Prenuptial And Postnuptial Agreements: Set Your Own Terms

As a community property state, California regulates mutual property rights for married couples. Many landowners, business owners, professionals and others choose to stipulate their own rights and obligations through premarital and postmarital contracts — commonly referred to as prenups and postnups.

At Bay Area Divorce, we help clients draft, assess, enforce and attack prenuptial and postnuptial agreements. Our practice is led by Board Certified Family Law Specialist* Mark Ressa, and he applies extensive legal knowledge and over 35 years of experience to protect our clients' interests through marital contracts.

Located in San Ramon, we represent clients in Alameda and Contra Costa counties and the surrounding areas.

Scope And Enforceability Of Prenuptial And Postnuptial Agreements

Prenuptial agreements (signed before marriage) and postnuptial agreements (signed during the marriage) allow people to set the terms of property division in the event of divorce or the death of a spouse, rather than leaving these important matters to state law. For this reason, many people with family businesses or other significant assets, as well as children from prior relationships, choose to enter into prenuptial agreements before marriage. An inheritance or change in circumstances may lead you to enter into a postnuptial agreement during marriage.

When drafting or signing any contract, it is critical to ensure it not only protects your interests but that it would be legally enforceable. In order to be valid, any premarital agreement must be signed by both parties. Prenuptial agreements can later be revoked, with signatures by both parties, but any such activity can give rise to questions of undue influence later, as can initiating a postnuptial agreement. The relationship between spouses can lead to a presumption that one is taking advantage of the other.

Different levels of disclosure apply to pre- and postnuptial agreements.

Under California law, spouses have a fiduciary duty to one another. If you fail to fully and properly disclose the value of an asset to your spouse, or to deal in good faith, the courts could penalize you and award the full value of the asset to the misled spouse upon divorce. Because a fiduciary relationship does not exist until a couple is married, the presumption of undue influence does not apply to prenuptial agreements.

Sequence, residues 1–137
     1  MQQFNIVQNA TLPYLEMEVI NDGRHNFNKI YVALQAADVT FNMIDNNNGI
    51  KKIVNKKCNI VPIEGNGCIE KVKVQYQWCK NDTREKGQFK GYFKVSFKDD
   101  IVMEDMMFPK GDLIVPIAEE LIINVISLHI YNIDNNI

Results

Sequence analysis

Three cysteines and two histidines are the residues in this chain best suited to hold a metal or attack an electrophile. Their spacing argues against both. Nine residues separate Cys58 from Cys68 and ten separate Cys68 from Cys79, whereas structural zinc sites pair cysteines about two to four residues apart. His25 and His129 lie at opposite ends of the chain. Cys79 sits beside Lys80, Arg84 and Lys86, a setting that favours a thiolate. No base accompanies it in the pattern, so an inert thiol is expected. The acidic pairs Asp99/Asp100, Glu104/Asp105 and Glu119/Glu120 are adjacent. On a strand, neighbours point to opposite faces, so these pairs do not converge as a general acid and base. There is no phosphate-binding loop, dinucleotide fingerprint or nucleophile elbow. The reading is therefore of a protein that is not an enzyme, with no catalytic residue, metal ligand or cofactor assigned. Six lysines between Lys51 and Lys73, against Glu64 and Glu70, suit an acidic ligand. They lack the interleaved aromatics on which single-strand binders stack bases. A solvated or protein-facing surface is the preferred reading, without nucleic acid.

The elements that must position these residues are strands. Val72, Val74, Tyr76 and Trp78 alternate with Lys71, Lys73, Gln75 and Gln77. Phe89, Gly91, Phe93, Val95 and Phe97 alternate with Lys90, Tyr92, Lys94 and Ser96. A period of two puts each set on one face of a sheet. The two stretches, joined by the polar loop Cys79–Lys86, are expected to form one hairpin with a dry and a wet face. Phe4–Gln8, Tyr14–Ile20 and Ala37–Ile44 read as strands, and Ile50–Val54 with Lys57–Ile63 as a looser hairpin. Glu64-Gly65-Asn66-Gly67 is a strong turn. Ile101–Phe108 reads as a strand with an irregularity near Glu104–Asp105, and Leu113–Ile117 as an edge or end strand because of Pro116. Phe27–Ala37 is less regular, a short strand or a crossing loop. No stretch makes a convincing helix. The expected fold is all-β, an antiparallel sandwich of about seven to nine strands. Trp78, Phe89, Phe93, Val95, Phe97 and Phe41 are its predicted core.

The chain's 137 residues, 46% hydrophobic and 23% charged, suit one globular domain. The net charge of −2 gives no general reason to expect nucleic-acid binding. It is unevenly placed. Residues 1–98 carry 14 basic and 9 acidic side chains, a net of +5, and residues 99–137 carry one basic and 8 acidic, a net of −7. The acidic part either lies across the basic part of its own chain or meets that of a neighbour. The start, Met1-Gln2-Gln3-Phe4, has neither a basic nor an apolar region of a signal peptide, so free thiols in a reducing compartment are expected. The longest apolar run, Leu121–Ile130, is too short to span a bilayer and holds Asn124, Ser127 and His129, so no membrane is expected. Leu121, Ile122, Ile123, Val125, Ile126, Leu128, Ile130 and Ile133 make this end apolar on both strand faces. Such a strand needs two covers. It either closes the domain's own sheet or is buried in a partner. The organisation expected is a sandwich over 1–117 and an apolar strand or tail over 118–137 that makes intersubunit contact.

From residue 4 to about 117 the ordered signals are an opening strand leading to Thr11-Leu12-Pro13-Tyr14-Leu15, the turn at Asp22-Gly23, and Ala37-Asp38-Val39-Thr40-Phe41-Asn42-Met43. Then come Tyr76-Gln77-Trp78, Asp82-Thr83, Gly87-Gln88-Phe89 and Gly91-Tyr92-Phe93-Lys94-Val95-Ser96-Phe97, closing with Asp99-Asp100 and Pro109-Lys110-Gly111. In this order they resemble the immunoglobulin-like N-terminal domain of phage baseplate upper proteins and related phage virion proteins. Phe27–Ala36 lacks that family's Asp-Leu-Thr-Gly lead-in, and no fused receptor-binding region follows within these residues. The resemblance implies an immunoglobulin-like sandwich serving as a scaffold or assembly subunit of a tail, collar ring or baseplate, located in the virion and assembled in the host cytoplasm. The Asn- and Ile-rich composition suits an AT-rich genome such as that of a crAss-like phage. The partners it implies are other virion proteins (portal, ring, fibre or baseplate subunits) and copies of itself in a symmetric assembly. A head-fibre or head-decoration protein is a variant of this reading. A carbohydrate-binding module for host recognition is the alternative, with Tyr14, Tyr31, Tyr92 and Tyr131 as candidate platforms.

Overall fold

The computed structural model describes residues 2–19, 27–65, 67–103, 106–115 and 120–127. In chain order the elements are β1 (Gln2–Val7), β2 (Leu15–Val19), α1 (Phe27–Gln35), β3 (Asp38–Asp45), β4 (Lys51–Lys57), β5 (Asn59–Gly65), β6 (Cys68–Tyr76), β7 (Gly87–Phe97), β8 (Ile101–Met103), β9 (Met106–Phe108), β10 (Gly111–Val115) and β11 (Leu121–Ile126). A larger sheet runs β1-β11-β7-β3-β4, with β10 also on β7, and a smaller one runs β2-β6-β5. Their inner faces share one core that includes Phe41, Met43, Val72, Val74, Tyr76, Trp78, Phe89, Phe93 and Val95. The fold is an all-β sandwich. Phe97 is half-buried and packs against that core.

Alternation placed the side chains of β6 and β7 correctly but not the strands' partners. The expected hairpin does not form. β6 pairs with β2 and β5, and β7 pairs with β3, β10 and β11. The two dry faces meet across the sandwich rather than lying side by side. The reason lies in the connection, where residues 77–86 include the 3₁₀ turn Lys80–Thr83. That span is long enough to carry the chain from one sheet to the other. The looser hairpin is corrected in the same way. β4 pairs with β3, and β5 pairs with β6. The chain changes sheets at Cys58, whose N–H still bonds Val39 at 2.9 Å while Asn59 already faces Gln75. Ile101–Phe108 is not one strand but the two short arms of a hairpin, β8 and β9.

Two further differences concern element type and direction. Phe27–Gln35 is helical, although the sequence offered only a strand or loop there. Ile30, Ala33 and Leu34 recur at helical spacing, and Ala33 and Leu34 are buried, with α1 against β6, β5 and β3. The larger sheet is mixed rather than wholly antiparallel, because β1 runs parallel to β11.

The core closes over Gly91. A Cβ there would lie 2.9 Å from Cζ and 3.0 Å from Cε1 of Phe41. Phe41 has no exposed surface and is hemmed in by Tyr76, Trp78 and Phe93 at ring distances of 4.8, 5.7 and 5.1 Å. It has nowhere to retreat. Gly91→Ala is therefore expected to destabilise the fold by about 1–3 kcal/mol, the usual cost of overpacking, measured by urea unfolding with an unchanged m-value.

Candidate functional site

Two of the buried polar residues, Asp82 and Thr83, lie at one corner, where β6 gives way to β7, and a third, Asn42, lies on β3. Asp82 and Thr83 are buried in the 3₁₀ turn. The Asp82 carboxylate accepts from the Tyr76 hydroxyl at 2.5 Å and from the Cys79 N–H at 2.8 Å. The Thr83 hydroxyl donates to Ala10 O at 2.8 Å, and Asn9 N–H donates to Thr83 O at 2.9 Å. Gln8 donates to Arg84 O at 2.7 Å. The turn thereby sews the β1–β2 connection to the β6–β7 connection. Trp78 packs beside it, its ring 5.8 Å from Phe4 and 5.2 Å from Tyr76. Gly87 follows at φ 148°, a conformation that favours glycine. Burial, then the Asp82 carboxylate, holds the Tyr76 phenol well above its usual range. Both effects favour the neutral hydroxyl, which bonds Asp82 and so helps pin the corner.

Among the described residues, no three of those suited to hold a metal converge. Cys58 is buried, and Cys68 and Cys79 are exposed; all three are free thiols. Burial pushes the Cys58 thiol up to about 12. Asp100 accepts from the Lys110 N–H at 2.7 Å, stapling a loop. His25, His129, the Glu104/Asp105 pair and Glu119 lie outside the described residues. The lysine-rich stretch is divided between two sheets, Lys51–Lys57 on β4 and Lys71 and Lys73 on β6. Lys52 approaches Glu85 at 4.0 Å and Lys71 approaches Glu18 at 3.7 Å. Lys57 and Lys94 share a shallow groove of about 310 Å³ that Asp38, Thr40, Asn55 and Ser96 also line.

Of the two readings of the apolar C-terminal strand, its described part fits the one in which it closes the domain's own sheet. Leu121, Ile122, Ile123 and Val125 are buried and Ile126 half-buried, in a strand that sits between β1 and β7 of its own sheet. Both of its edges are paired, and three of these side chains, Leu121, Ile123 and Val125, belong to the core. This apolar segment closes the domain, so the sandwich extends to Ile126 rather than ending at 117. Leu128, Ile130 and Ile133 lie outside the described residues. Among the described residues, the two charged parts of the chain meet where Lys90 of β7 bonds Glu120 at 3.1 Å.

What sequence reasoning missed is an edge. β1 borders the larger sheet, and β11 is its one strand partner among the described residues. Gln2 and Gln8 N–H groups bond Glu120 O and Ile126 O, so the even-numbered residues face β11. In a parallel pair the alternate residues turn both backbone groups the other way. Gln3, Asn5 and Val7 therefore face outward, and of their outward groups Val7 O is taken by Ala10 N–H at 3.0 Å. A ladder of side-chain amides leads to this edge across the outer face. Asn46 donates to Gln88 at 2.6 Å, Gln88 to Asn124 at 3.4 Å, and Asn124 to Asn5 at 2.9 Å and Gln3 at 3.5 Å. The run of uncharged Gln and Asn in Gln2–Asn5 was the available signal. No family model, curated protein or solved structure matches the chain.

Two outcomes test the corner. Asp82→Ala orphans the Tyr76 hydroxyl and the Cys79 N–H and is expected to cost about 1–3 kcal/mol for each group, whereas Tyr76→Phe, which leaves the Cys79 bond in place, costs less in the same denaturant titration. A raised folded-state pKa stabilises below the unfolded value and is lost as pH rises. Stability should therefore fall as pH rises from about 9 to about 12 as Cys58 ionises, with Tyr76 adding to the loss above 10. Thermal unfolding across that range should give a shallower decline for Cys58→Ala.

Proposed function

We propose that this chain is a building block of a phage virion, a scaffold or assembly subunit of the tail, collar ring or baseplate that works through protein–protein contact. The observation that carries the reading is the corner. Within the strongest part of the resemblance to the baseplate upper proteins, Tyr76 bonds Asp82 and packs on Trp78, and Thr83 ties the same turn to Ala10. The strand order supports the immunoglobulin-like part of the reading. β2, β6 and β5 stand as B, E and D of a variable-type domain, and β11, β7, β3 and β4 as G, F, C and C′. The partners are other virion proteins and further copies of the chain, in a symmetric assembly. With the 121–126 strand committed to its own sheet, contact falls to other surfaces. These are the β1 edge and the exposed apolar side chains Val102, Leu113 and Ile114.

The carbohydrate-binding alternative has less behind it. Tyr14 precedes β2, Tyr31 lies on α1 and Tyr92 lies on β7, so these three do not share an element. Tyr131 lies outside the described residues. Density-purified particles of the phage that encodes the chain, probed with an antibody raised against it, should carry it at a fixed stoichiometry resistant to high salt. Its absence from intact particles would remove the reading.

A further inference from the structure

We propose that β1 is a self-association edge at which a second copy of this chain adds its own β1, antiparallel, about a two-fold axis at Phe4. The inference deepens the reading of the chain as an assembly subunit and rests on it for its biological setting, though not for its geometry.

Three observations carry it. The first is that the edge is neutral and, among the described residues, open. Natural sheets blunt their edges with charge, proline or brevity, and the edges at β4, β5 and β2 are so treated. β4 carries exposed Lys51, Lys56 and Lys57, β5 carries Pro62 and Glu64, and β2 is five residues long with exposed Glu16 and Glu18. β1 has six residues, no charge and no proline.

The bottom line: Prenuptial and postnuptial agreements are legal contracts. When entering into such an agreement or attempting to enforce or invalidate one, it is critical to seek guidance from a skilled and reputable lawyer. Call Bay Area Divorce at 925-328-0103.

Consider A Marital Plan

Prenuptial and postnuptial agreements primarily address financial concerns, but there is another contract that can define the terms of your marriage. Mr. Ressa is among a select number of attorneys pioneering marital plans, contracts guiding marriage.

Not all marriages are the same, nor do they fit into the mold of California family law. Through a marital plan, you can define the purpose and terms of your marriage. Perhaps it is a parenting marriage or a financial safety or companionship marriage. Mr. Ressa can help you protect your rights and interests in a nontraditional, modern marriage. Learn more by contacting Bay Area Divorce. You may also like to read, "The New I Do: Reshaping Marriage for Skeptics, Realists and Rebels," by therapist Susan Pease Gadoua and journalist Vicki Larson.

Schedule A Confidential Legal Consultation

We invite you to contact us today to discuss your legal needs with one of our experienced attorneys. Call 925-328-0103 or send us this online form and request a confidential legal consultation.

*Mark Ressa is a Certified Legal Specialist in Family Law by the California Board of Legal Specialization of the State Bar of California.